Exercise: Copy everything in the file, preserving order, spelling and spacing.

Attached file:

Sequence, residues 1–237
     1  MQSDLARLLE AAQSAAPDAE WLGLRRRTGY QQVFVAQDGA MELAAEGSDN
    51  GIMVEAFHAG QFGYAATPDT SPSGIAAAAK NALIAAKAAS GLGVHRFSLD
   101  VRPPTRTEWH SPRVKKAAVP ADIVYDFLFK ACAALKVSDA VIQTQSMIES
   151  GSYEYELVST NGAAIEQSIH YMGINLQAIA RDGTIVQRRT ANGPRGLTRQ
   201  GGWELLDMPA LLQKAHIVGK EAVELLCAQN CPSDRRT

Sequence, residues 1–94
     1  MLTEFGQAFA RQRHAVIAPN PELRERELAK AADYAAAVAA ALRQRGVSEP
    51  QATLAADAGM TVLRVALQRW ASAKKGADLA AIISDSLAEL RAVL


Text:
Sequence, residues 1–237
     1  MQSDLARLLE AAQSAAPDAE WLGLRRRTGY QQVFVAQDGA MELAAEGSDN
    51  GIMVEAFHAG QFGYAATPDT SPSGIAAAAK NALIAAKAAS GLGVHRFSLD
   101  VRPPTRTEWH SPRVKKAAVP ADIVYDFLFK ACAALKVSDA VIQTQSMIES
   151  GSYEYELVST NGAAIEQSIH YMGINLQAIA RDGTIVQRRT ANGPRGLTRQ
   201  GGWELLDMPA LLQKAHIVGK EAVELLCAQN CPSDRRT

Sequence, residues 1–94
     1  MLTEFGQAFA RQRHAVIAPN PELRERELAK AADYAAAVAA ALRQRGVSEP
    51  QATLAADAGM TVLRVALQRW ASAKKGADLA AIISDSLAEL RAVL